NUR-SULTAN – The Central Asian region has been swiftly developing between 2007 and 2019 thanks to foreign direct investments (FDI), the gross inflow of which totaled $378.2 billion. The countries of the European Union (EU) invested 40 percent of total FDI in Central Asia, energyprom.kz reported.
A significant part of them fell on the development of the largest oil and gas fields and oil and gas transportation infrastructure. Over the period, Kazakhstan accounted for 77.7 percent of the gross inflow of FDI. Kazakhstan is also the largest country in Central Asia accounting for more than 60 percent of the region’s gross domestic product(GDP). FDI to Kazakhstan reached $3.6 billion in the first quarter of 2020.
Central Asia is an important geopolitical and economic region. In addition to a plethora of natural resources, the region is the main transit passage for EU countries, China and Russia. China, for example, values the importance of the region as an alternative route for the supply of energy resources through projects like the Central Asia-China gas pipeline. At the initiative of the Chinese government, China and Central Asia have been developing logistics and transit routes through projects as part of the Belt and Road Initiative (BRI). The region is also the main passage for the oil pipeline system of the Caspian Pipeline Consortium.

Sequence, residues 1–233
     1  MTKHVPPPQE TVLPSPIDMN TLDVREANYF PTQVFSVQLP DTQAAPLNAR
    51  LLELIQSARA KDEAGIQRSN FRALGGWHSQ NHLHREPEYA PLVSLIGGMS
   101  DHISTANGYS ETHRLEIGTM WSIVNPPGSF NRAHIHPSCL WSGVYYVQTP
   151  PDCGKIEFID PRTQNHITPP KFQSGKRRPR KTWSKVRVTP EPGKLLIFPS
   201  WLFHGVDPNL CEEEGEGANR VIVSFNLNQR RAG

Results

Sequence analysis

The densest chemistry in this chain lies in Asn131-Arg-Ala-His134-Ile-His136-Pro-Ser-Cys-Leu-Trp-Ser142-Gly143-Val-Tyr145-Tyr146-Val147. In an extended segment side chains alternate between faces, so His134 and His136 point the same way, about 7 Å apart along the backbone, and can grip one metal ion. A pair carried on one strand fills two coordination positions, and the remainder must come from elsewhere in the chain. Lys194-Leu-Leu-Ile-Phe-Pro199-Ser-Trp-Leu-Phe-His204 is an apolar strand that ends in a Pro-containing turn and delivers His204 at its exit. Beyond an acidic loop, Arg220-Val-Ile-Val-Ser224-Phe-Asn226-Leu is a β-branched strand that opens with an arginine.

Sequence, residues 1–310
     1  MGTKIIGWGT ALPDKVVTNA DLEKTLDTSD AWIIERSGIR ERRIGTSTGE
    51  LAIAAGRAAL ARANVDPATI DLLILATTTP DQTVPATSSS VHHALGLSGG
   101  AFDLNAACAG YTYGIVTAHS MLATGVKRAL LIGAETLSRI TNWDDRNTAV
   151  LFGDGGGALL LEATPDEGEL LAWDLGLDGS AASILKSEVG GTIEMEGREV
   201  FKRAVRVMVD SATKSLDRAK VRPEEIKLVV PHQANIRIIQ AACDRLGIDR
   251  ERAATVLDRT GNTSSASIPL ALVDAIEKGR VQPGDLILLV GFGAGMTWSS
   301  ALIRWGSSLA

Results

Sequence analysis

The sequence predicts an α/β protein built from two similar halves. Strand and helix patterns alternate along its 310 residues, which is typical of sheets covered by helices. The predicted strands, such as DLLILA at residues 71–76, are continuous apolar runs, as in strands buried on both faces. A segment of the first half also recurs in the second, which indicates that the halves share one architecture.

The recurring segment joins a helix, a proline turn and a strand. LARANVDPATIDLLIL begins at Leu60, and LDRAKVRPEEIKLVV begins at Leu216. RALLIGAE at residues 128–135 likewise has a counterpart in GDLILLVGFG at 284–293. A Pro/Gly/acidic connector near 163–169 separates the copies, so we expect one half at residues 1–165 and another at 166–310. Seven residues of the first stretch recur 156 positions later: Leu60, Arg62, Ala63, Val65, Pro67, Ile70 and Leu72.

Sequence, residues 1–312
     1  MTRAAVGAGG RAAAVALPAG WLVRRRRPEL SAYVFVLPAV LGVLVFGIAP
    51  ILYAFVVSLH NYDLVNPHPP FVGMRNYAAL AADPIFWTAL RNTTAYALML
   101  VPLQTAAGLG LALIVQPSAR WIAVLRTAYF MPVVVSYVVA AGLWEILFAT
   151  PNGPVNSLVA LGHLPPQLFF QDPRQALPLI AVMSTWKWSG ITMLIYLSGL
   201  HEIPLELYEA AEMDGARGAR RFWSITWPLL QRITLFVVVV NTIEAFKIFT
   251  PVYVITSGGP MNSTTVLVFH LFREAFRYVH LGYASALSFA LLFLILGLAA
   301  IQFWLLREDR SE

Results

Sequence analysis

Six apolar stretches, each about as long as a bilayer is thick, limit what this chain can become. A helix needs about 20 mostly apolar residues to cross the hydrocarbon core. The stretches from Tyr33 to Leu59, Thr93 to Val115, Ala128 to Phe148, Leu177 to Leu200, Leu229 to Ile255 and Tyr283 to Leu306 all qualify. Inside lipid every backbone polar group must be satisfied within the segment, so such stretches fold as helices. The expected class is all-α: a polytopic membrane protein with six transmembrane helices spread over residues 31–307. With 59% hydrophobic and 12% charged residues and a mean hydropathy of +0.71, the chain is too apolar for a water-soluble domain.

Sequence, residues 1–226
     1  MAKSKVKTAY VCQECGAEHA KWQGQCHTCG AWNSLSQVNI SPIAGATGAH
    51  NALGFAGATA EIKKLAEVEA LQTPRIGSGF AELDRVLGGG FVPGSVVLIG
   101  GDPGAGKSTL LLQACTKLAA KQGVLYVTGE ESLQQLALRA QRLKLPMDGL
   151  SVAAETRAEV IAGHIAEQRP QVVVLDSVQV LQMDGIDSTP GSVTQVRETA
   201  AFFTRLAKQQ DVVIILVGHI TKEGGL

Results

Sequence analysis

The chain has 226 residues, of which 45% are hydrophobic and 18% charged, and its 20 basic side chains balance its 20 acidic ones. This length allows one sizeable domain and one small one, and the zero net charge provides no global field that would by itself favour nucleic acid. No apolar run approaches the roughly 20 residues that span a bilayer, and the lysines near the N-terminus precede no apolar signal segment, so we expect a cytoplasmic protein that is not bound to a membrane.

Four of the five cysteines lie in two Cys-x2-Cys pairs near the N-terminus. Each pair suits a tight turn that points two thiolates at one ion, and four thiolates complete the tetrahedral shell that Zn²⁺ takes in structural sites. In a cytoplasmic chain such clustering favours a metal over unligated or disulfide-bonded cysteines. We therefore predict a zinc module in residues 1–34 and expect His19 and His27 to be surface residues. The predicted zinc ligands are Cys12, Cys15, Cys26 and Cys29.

Although the investments of Chinese companies in Central Asia might seem substantial, they are nearly even with investments from the United States and Russia, as well as 3.5 times less when compared to investments from EU countries.
In addition to investments, the EU and the United States provide significant grant funds to support public and political institutions, projects for environmental protection, and civil society development.
The EU alone provided the region with gratuitous aid to the tune of approximately $1.2 billion between 2014 and 2020. In 2007, the EU devised a strategy on Central Asia and updated it in 2019 to strengthen political dialogue and expand cooperation in rule of law, education, environment, and water resources.
“These financial resources were provided at a time when the EU faced the consequences of the global financial crisis. This is the best evidence of the EU’s strong commitment to security, stability, and prosperity in Central Asia – the key objectives of our strategy,” said Peter Burian, EU Special Representative for Central Asia.
The United States has provided more than $9 billion in direct aid to the region to support democratic reform and economic growth, and to assist with humanitarian aid.
The EU and Central Asian countries established in 2001 the Regional Environmental Center for Central Asia (CAREC). The center and USAID implemented more than 250 environmental and social projects related to managing water resources, which in Central Asia represent a source of significant environmental risk.